We provide a full-service offering to academy schools including non-audit and audit support services pre conversion, during conversion and post conversion. We have helped over 150 academies through the conversion process and would be delighted to talk to you about your school’s situation and how our conversion support services can be tailored to your specific needs.

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Accounting Software and Support

Academies have a unique set of requirements when it comes to financial management and reporting. This means fundamental differences are required in financial arrangements and processes from local authority maintained schools and any choice of accounting system needs to be able to handle these changes. The system should be able to:

  • Deal with charity fund accounting for the production of statutory accounts
  • Provide accurate reports and audit trails to support the statutory audit process
  • Provide timely and accurate management reporting for the governors
  • Converting to academy status can also have a large impact on the school’s finance team due to changes in working practice and additional responsibilities. It is therefore important to have the correct accounting system in place that is configured in the best possible way to minimise disruption for the finance team.

Bishop Fleming has experience of the core accounting systems that are used across the academy sector. This means that we can provide help and support no matter which system is appropriate for you. Across our client base, FMS is the widest used, followed by Civica, PS Financials and Sage. Most maintained schools will have used FMS with their local authority and therefore take the decision to remain with the familiar system, thus removing one of the additional hurdles of conversion.

We can offer support with most aspects of accounting systems, but in particular:

  • Assisting with the selection of the most appropriate system for your academy
  • Assisting with the configuration of your nominal ledger, fund accounting and cost centres whether implementing a new system or converting your existing one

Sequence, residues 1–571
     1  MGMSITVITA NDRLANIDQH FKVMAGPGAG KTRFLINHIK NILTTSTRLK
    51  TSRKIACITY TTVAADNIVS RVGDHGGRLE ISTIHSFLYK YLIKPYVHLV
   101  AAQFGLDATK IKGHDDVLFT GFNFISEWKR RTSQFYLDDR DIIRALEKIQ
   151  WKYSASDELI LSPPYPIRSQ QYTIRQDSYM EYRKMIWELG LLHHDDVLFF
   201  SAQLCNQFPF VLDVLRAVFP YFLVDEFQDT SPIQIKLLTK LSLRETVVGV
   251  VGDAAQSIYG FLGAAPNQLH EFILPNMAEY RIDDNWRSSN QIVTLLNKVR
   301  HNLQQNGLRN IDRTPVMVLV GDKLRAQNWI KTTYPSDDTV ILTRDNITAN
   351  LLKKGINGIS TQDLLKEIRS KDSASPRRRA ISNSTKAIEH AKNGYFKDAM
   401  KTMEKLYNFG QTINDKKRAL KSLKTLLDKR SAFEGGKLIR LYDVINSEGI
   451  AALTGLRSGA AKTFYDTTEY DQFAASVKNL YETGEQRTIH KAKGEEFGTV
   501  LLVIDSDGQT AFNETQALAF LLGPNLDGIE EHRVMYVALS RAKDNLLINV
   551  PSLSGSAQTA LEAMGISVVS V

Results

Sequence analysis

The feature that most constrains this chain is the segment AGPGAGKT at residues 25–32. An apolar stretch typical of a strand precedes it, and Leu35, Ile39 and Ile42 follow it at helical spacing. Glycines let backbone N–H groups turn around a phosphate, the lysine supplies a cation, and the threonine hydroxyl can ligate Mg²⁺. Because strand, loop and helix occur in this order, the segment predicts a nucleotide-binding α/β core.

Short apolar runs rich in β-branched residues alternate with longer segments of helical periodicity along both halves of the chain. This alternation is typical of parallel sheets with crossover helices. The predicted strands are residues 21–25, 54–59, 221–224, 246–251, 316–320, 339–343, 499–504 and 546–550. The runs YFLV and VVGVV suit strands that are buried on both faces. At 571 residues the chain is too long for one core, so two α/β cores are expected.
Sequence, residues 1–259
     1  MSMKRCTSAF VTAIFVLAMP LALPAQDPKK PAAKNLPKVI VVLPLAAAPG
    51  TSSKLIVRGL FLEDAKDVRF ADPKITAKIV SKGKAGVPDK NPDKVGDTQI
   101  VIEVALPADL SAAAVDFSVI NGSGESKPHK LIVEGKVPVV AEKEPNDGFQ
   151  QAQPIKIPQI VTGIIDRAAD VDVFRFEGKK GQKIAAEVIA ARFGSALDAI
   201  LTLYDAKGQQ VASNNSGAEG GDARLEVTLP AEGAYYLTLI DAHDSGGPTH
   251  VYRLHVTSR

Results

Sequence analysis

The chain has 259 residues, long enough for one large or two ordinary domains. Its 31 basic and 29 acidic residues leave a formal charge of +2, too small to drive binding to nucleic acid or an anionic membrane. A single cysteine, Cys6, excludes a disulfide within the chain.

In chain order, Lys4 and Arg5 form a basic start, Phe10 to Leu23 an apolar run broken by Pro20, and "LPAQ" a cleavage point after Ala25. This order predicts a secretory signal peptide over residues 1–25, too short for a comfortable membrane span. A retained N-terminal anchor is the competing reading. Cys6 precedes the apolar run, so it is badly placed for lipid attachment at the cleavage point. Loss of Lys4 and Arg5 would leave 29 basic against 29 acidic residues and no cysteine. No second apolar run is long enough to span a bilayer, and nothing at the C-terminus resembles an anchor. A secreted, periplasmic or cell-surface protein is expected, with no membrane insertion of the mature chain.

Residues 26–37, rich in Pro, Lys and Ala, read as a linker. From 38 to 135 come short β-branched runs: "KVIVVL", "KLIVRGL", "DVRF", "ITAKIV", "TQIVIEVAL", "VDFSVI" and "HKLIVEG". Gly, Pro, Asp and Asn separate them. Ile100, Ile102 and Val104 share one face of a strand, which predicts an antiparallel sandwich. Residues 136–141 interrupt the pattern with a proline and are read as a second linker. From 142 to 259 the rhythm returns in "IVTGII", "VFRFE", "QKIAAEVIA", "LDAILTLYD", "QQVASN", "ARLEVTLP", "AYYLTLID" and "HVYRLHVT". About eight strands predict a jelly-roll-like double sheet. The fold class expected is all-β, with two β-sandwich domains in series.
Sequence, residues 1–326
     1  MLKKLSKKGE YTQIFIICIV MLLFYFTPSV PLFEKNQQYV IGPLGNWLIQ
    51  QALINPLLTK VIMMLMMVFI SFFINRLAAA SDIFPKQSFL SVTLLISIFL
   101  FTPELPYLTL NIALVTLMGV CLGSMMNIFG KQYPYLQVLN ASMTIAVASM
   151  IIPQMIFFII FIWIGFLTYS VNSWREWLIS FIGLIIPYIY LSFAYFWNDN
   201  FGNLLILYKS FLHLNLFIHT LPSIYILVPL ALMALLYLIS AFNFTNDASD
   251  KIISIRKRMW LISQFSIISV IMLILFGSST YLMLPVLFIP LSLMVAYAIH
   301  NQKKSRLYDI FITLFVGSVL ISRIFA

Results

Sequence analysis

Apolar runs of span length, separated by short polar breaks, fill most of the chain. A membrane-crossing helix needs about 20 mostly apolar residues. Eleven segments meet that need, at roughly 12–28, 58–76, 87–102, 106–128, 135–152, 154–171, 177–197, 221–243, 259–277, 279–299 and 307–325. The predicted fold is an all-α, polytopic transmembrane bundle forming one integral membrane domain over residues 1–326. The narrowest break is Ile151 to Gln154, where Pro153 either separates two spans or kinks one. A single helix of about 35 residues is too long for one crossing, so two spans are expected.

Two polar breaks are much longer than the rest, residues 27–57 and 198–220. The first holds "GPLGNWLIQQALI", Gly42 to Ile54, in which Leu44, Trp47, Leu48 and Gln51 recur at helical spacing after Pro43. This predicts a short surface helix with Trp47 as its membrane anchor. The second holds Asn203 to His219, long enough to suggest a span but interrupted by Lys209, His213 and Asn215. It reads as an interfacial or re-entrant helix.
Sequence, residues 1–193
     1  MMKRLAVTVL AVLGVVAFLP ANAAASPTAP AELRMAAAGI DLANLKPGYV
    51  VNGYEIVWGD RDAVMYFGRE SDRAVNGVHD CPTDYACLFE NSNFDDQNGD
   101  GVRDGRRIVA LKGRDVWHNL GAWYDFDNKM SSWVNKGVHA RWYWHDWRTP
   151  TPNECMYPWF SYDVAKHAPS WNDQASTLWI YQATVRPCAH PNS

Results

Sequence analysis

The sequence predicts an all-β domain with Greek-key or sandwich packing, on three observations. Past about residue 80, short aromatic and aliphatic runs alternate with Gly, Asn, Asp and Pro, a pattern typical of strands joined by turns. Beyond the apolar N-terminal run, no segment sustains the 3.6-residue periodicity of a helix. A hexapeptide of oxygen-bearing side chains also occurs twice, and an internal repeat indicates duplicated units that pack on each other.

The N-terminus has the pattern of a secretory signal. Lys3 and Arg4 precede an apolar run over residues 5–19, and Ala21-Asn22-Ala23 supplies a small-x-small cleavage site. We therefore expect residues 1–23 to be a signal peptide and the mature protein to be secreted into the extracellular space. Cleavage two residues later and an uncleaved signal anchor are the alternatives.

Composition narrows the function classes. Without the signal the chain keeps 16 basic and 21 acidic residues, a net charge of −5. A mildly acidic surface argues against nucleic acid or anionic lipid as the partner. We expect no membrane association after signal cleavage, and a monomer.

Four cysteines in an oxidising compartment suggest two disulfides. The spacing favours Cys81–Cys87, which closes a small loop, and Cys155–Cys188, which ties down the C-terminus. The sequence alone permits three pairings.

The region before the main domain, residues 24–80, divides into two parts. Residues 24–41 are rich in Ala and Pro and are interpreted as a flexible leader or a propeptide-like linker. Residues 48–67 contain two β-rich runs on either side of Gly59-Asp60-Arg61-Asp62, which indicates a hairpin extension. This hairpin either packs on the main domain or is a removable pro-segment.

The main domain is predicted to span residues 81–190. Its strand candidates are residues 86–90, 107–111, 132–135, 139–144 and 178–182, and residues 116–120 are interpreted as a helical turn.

• Assisting with the content and production of management information and
  • Assisting with the production of year end reports and close down.
  • With our help, from an early stage, you will be better equipped to manage the finances of your academy.
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Corporation and Employment Tax Issues

Academies face several tax issues including corporation and employment tax issues. Most academy schools will be constituted as a company limited by guarantee which have charitable objects in their articles. For tax purposes they are charities, although this does not mean that they will never pay tax!

There are significant exemptions within the tax legislation but these are not automatic blanket exemptions. It is important that academies understand the limits of the exemptions and how they must organise their affairs to ensure they benefit.

Registration with HMRC

Once formed the academy needs to register with HMRC. This includes completion of a registration form (ChA1) but also the charity needs to ensure that all its managers are “fit and proper persons”.

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All academies have complicated pension arrangements.  Through our experience and knowledge of this area we can help your academy understand its responsibilities regarding pension schemes.

All academies have complicated pension arrangements. The teachers’ are members of the Teachers Pension Scheme (TPS), other staff may be members of the Local Government Pension Scheme (LGPS), have separate personal pension schemes, or have no pension provision at all.